Silva said his children have adapted to socializing with their friends online, mentioning how his oldest son uses Discord, an online video-chat platform, to communicate with his friends and his daughter has used her phone to communicate with her friends more.

Tara McFarland, whose 17-year-old son Cameron McFarland is a junior at Benson High School, is a staunch advocate of in-person instruction.

“In-person instruction is very important for students,” McFarland said. “When the Benson School District started the year with online learning last August as the only option, my son’s math score dropped to 49 percent. He was sad, frustrated and anxious because of how poorly he was doing in math.

“Once Cameron was back in the classroom, his grade went from a 49 percent to an 80 percent within eight school days. He needed that in-person setting, where he could look at the teacher, ask questions and get immediate feedback.”

McFarland wasn’t the only one concerned about the impacts of distance learning.

“The lack of socialization was another issue that came up,” she said. “It was something that several parents were concerned about when they spoke at a school board meeting before the district started in-person instruction. Parents talked about how their kids were going through anxiety and depression issues. Teachers also spoke, and said they were concerned about depression and poor grades during that time.”

The impact of not being in school varies greatly.

Elisabeth Tyndall’s daughter is a third-grader in the Sierra Vista Unified School District. Tyndall said her daughter has felt lonely, but nothing extreme.

“We have an only child, so those friendships from school are especially important,” Tyndall said.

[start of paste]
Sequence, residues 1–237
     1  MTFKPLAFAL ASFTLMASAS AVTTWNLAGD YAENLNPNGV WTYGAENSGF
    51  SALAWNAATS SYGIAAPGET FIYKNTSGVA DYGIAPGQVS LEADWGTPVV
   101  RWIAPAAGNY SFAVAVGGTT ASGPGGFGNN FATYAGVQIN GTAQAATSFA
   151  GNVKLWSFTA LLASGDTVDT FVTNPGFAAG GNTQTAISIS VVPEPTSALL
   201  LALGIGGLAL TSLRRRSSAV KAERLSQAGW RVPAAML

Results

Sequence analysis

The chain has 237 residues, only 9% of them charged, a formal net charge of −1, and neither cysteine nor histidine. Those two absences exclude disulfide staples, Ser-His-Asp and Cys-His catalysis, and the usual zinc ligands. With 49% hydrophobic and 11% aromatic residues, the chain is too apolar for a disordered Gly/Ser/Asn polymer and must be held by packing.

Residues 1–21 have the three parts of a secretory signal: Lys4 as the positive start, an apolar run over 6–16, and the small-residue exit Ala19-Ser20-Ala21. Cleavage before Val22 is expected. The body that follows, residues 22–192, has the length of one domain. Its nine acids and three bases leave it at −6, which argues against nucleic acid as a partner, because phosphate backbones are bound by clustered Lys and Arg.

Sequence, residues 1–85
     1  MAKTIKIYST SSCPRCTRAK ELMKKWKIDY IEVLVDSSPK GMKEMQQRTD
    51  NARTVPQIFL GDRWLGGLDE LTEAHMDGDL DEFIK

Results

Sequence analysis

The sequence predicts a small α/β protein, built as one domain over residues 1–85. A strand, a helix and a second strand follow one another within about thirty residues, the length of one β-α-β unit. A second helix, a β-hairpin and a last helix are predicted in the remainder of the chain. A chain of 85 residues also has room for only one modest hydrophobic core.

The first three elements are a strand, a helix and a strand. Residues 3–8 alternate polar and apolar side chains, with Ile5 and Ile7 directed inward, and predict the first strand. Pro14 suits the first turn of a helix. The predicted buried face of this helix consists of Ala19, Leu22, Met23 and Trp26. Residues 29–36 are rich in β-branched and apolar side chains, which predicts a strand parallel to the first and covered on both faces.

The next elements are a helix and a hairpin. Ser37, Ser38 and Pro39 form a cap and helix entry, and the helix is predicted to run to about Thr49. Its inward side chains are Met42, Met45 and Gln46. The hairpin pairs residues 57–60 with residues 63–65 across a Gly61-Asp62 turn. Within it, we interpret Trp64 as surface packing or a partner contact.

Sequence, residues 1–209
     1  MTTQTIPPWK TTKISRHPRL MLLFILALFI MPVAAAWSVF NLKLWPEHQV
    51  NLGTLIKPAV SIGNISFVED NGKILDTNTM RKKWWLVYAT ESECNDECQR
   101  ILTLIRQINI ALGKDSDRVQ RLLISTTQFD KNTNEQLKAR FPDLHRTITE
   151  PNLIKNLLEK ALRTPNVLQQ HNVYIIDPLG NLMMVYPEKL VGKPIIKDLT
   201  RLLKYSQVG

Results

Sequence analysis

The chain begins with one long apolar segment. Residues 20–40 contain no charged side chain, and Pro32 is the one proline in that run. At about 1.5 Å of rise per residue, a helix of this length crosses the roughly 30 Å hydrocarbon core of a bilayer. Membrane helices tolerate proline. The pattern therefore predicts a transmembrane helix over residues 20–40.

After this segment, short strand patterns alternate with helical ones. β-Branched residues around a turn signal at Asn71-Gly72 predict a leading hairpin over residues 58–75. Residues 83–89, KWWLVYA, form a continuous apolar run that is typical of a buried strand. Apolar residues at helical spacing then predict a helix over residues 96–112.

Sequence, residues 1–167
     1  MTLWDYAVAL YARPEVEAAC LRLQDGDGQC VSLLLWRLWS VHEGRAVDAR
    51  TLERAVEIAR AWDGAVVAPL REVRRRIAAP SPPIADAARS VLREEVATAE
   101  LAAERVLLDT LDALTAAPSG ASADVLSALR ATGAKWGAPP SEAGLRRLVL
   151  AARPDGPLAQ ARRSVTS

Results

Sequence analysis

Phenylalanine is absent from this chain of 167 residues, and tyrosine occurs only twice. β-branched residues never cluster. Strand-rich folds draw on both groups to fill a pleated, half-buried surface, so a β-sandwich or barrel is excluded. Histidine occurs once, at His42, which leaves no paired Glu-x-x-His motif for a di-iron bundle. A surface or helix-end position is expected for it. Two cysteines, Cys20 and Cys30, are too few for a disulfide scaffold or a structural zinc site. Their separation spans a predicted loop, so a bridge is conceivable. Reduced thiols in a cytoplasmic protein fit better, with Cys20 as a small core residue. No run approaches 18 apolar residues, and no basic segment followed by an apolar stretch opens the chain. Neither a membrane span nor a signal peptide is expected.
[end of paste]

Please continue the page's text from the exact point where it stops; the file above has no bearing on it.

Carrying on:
“I don’t think that academically the opportunity to learn is any different in-person or virtual. That really varies depending on the classroom ... Obviously, having that contact with teachers in the classroom makes a big difference, my daughter’s teacher leaves her online classroom open anytime.”

While Tyndall said she’s fairly satisfied with the counseling services her school has provided, she noted how having more school counselors would help to better address mental health needs of the student body.

“Arizona has one of the lowest school counselors to student ratios in the nation,” Tyndall said. “Sending kids back to school doesn’t solve that, and those anxieties are present regardless if children are in school or not. I think they’re doing the best that they can.”

She echoed the need for more mental health professionals in schools.

“I think it would be fantastic if there were more counselors. There’s close to 600 students in my daughter’s school and there’s no way (the counselor) can talk to all of them,” she said. “If we wanted to really address those mental health issues, we need more counselors in our schools across the board.”

Next time: How districts, officials provide mental health resources during pandemic

Herald/Review reporter Dana Cole contributed to this article.